Wednesday, April 27, 2011

One Week

I watched a film that I liked. I'm not recommending it, because I like to recommend films that other people will enjoy. I'm not even sure that I enjoyed it. I just liked it, and that is all I can say.

Anyway, in it, she said, as she does so often, "Did you ever love me?" and he says, like he does so often, "Not like you deserved."

And then I read about it in Sacred Marriage by Gary Thomas. Listen to what he says.
"Love is not a natural response that gushes out of us unbidden. Infatuation sometimes does that - at the beginning of a relationship at least - but hate is always ready to naturally spring forth...One of the cruelest and most self-condemning remarks I've ever heard is the one that men often use when they leave their wives for another woman: 'The truth is, I've never loved you.' This is meant to be an attack on the wife - saying in effect, 'The truth is, I've never found you lovable.' But put in a Christian context, it's a confession of the man's utter failure to be a Christian... so a man who says, 'I've never loved you' is a man who is saying essentially this: 'I've never acted like a Christian.'" 
I had a CT scan yesterday for my throat. It's been hurting for a long time, so my primary ordered: CT scan, neck with IV contrast for pain with speaking/singing. They warn you that you're going to feel like you peed your pants, but it doesn't really prepare you. When they put the dye in, my whole body felt hot from the inside like they poured chicken noodle soup in my all my primary veins in a sudden sort of way.

In marriage counseling, they tell you that you can't be satisfied by a person. Your soul is hungry for nothing more shallow than a relationship with your Creator. Your spouse just isn't going to infuse your veins and make you suddenly satisfied in your core. I really don't know much about marriage, but I know that it's about love. And I know that love is about selflessness, looking at the same person everyday, knowing them more everyday, and saying, "I choose love," which is to say, "I choose life."

I know even less about divorce. I've mostly just heard of people who go through it or whose parents went through it. Lately, I have a friend who's looking at it right in the eyes. It seems like people have to get divorced because somewhere along the line, somebody looks at the same person everyday, knowing them more everyday, and says, "I choose myself," and one or both parties never recover from it. There are a lot of books out there right now that talk about reconciling your marriage by changing yourself. But there comes a point where you have to realize that there are two people in a marriage. Sometimes one of them really loves themselves...or is it "hates themselves"... so much that they can't stop thinking about themselves and their feelings. Self-centeredness and relationships don't go together like shoo bop shoo wadda wadda yippity boom da boom.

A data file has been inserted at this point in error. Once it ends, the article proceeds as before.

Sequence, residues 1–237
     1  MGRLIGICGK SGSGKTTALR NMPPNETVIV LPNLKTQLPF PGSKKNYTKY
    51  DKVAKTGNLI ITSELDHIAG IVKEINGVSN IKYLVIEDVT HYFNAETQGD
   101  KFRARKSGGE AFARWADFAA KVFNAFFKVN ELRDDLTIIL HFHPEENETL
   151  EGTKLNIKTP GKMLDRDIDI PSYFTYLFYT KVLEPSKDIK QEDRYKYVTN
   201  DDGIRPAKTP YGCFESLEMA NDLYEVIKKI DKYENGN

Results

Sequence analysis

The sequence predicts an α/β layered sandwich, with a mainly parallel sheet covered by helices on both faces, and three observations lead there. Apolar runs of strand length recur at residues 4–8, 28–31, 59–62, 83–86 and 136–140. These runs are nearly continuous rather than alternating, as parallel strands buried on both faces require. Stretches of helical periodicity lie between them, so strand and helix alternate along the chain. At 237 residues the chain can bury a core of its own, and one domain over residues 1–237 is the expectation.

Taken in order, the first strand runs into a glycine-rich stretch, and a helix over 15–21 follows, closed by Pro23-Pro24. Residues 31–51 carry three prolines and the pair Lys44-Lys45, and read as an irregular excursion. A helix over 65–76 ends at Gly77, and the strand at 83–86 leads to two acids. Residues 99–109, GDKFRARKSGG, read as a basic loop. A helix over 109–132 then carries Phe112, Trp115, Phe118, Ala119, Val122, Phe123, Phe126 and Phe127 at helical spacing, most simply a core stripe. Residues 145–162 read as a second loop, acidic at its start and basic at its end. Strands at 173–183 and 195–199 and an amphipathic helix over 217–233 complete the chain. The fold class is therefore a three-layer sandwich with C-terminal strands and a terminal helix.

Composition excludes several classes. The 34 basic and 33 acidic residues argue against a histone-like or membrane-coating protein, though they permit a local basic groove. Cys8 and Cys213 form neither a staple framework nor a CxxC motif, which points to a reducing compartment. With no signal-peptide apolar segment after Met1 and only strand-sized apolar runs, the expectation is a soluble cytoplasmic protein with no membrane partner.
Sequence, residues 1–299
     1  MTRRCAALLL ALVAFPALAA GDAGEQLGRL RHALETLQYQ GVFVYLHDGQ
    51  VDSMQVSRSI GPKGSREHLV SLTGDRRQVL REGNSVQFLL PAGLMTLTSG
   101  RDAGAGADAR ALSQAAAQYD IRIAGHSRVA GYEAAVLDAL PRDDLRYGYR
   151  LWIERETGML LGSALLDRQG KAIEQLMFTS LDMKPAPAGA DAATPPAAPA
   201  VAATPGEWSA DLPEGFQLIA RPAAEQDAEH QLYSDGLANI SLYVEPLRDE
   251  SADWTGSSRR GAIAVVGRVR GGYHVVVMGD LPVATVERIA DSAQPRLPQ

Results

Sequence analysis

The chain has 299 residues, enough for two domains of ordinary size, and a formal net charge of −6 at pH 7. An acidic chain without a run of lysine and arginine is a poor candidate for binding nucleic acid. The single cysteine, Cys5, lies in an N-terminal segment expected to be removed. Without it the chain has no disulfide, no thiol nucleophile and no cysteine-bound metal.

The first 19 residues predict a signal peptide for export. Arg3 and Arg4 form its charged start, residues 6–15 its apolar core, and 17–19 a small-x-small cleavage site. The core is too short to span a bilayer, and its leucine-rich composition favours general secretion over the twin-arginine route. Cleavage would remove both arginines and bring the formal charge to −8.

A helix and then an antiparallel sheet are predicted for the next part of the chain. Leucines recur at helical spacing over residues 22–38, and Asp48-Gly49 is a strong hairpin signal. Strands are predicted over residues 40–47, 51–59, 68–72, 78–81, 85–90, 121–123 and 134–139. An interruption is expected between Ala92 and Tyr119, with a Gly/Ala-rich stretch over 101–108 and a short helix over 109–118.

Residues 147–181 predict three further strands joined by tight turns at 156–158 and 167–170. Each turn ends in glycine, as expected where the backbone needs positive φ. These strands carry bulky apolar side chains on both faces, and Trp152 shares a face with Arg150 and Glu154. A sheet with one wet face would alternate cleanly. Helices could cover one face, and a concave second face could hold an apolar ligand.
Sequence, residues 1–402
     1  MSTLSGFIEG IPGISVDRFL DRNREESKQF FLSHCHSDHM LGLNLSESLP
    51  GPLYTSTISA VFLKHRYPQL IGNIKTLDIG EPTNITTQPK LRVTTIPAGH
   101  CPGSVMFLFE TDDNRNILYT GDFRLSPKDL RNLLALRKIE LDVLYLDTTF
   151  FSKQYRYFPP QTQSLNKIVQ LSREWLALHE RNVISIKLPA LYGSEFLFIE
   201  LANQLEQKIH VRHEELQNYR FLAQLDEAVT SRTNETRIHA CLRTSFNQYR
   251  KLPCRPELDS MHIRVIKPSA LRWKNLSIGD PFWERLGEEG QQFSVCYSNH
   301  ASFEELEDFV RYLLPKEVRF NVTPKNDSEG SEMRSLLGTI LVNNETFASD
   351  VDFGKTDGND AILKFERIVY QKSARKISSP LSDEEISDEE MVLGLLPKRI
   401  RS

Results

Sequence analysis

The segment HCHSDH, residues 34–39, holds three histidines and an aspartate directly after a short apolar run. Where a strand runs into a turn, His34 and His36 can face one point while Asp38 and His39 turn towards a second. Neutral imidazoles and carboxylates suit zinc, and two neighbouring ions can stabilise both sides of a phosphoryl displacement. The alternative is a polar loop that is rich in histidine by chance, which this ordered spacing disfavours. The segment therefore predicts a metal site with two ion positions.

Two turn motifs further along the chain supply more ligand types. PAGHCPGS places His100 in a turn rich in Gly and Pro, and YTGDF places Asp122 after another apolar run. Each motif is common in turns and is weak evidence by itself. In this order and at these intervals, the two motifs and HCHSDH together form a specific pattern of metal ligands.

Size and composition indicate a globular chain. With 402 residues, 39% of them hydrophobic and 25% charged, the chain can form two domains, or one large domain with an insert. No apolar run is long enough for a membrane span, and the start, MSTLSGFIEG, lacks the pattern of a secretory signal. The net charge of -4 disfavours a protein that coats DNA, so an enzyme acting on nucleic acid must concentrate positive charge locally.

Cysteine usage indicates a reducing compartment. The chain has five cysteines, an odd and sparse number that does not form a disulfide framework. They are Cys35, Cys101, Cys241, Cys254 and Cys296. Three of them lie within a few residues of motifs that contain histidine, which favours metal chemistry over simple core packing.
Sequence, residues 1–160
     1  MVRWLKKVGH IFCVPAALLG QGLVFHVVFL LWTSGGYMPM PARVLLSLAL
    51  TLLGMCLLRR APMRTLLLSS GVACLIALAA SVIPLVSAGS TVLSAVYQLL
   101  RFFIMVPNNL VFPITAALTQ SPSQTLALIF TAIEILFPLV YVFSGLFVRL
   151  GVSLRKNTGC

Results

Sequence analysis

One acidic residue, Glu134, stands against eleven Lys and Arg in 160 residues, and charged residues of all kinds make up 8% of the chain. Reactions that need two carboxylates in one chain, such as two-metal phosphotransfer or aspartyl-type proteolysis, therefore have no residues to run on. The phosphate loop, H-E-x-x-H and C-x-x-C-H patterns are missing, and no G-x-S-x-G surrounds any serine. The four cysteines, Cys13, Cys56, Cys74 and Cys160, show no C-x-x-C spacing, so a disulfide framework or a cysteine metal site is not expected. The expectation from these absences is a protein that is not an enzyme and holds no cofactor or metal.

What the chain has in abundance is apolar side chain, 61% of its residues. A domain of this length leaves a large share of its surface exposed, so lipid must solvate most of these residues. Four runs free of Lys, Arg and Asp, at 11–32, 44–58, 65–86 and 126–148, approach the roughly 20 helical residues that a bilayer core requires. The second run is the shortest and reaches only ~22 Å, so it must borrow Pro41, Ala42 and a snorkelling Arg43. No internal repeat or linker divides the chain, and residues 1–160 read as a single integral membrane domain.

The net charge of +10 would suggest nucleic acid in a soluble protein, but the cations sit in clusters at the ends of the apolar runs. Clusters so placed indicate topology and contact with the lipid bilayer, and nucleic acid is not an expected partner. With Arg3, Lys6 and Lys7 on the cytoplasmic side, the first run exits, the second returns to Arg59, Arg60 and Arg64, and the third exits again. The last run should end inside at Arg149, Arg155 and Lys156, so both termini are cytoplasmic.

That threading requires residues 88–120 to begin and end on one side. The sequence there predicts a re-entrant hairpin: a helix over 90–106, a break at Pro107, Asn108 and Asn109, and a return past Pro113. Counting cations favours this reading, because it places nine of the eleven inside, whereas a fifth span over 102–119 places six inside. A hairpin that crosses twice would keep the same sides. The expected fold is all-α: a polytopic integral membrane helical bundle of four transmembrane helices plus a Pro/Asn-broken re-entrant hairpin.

Thursday, April 21, 2011

wet, wait, and white.

I was sitting in the shower thinking about how water is the stickiest substance, how waiting on God means being conscious that He's not here yet, but knowing He will be, and how to reconcile diversity.

It sticks to everything, and we call that wet. It even sticks to itself. Sometimes you have a hair on your hand, and you can't get it off because the water is just so sticky. The trick to getting it off is to put it under a stream of water glue, and the water will stick to the hair more than it makes the hair stick to you. We clean ourselves off with water, because water sticks to everything that isn't stuck more to you. It's why our arms and legs don't go down the drain.

God says "Blessed are those who wait," and "Wait, I say, on the Lord," and things like that. We have to wait for Him because He's just not here right now. I mean, He is, but not like He will be. And we're waiting for that day. And it's a lifetime wait, and it's a daily wait. And we live like we know He's coming, like He's coming more everyday.

Reconciling diversity is harder, though. I find places where diversity isolates. And then I find places where people don't let skin make any difference, because they find ways to relate elsehow. But that's not really what I am talking about. I'm talking about diversity in a broader sense (always thinking in the broader sense). When people are just totally different. We all know those people, the ones with whom we don't even know where to start. We know them pretty well - we've been around them enough - but when it comes to relating with them, there is zero. This is the puzzle I am talking about. Is there a place where this type of diversity does not isolate?

People are friends, because they can relate about something. Do you find it amazing that God made a way to relate to us? Can you think of anyone more different than you and God? But then ..."He became flesh and dwelt among us," and then "God made Him who knew no sin to be sin for us, that we might become the righteousness of God." It's the ultimate reconciliation of diversity for the sake of relationship. He became something else just so we didn't have to be isolated from Him. He simultaneously made us something else, too. Maybe it's the hint I'm looking for. Like how couples start to look alike after years and years of marriage. They become the middle of one another.